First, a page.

Where do new ideas come from? How do they get put into action? How can we create social structures that are cooperative, productive, and creative? These are perhaps the most critical questions for any society, and they are especially important right now because of global competition, environmental challenges, and the failure of governments to act.
In the past few centuries we have seen Western culture thrive, in large part because of the paradigms inherited from Enlightenment thinkers such as Adam Smith and John Locke. Their intellectual frameworks offered answers to these critical questions. From that base we created a pluralistic society in which both the distribution of goods and the policies of government are determined by competition and bargaining. Our open civil society outcompeted more top-down, centralized societies, and now free markets and political elections are being experimented with in almost every country around the world.
In the last few years, however, our lives have been transformed by networks that combine people and computers, allowing much greater participation and much faster change. As the Internet makes our lives increasingly connected, events seem to move faster and faster. We are drowning in information, so much so that we don’t know what items to pay attention to and which to ignore.
As a result, our world sometimes seems to be on the edge of spinning out of control, with posts on social media such as Twitter causing stock market crashes and overthrowing governments. So even though the use of digital networks has already converted the workings of our economy, business, government, and politics, we still don’t fully understand the fundamental essence of these new human-machine networks. Suddenly our society has become a combination of humans and technology that has powers and weaknesses different from any we have ever lived in before.
Unfortunately, we don’t really know what to do about it. Our ways of understanding and managing the world were forged in a statelier, less connected time. Our current conception of society was born in the late 1700s during the Enlightenment and crystallized into its current form during the first half of the twentieth century. Things moved more slowly back then, and usually it was only a small group of traders, politicians, or wealthy families who really moved things along. Therefore, when we think about how to manage our society, we speak of “markets” and “political classes,” abstractions that events move slowly, so every one has pretty much the same information and so people have time to act rationally.
In today’s light-speed, hyperconnected world, these assumptions are being stretched past the breaking point. Today virtual crowds can form in minutes and often consist of millions of people from all over the world—and with each new day it may be a different set of millions of people contributing and commenting. We are no longer in the era of financial exchanges with physical trading floors and political conventions with smoke-filled back rooms, where small groups of people haggle until they come to mutually acceptable deals.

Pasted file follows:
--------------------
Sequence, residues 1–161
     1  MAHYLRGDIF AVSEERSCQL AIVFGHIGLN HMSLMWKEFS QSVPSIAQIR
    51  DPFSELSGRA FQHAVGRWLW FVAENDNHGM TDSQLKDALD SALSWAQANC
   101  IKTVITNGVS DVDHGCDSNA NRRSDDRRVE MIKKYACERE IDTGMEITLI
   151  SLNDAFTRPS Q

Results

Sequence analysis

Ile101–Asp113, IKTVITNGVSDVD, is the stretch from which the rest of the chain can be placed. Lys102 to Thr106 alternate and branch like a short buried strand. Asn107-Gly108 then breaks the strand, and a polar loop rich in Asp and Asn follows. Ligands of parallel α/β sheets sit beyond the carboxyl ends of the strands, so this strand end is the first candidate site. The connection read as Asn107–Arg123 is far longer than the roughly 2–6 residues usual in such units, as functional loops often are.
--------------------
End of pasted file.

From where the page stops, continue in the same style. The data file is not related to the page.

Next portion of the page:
To understand our new world we must extend familiar economic and political ideas to include the effects of these millions of people learning from each other and influencing each other’s opinions. We can no longer think of ourselves as only individuals reaching carefully considered decisions; we must include the dynamic social effects that influence our individual decisions and drive economic bubbles, political revolutions, and the Internet economy.
Adam Smith himself understood that it is our social fabric that guides the “invisible hand” of the market and not just competition alone. In his book Theory of Moral Sentiments he argued that it was human nature to exchange not only goods but also ideas, assistance, and favors out of sympathy. Furthermore, he thought that these social exchanges guided capitalism to create solutions for the good of the community. Smith, though, lived in an era where almost all the bourgeois residents in a city knew each other and were constrained by social pressure to be good citizens. Without the obligations provided by strong social ties, capitalism often turns rapacious and politics turn poisonous. In our new hyperconnected world, most ties are weak, and all too often the invisible hand no longer functions.
The goal of this book is to develop a social physics that extends economic and political thinking by including not only competitive forces but also exchanges of ideas, information, social pressure, and social status in order to more fully explain human behavior. To accomplish this we will have to explain not only how social interactions affect individual goals and decisions but, more important, how these social effects produce Adam Smith’s otherwise mysterious invisible hand. Only once we understand how social interactions work together with competitive forces can we hope to ensure stability and fairness in our hyperconnected, networked society.